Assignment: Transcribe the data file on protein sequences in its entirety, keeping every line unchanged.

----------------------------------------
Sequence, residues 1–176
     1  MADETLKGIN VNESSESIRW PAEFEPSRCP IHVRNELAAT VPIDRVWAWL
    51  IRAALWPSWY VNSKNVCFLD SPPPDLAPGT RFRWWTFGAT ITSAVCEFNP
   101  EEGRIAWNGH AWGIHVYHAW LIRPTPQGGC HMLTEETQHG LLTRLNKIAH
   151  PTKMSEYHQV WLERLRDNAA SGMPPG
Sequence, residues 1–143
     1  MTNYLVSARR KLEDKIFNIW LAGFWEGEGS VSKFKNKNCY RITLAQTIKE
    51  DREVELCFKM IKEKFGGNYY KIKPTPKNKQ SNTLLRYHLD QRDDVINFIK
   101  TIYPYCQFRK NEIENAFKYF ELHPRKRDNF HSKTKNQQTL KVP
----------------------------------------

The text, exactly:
Sequence, residues 1–176
     1  MADETLKGIN VNESSESIRW PAEFEPSRCP IHVRNELAAT VPIDRVWAWL
    51  IRAALWPSWY VNSKNVCFLD SPPPDLAPGT RFRWWTFGAT ITSAVCEFNP
   101  EEGRIAWNGH AWGIHVYHAW LIRPTPQGGC HMLTEETQHG LLTRLNKIAH
   151  PTKMSEYHQV WLERLRDNAA SGMPPG
Sequence, residues 1–143
     1  MTNYLVSARR KLEDKIFNIW LAGFWEGEGS VSKFKNKNCY RITLAQTIKE
    51  DREVELCFKM IKEKFGGNYY KIKPTPKNKQ SNTLLRYHLD QRDDVINFIK
   101  TIYPYCQFRK NEIENAFKYF ELHPRKRDNF HSKTKNQQTL KVP